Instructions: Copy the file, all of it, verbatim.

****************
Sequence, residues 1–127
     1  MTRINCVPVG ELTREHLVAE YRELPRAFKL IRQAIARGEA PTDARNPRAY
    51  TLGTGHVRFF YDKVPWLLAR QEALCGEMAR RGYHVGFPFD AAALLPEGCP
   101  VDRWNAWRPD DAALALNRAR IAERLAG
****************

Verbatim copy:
Sequence, residues 1–127
     1  MTRINCVPVG ELTREHLVAE YRELPRAFKL IRQAIARGEA PTDARNPRAY
    51  TLGTGHVRFF YDKVPWLLAR QEALCGEMAR RGYHVGFPFD AAALLPEGCP
   101  VDRWNAWRPD DAALALNRAR IAERLAG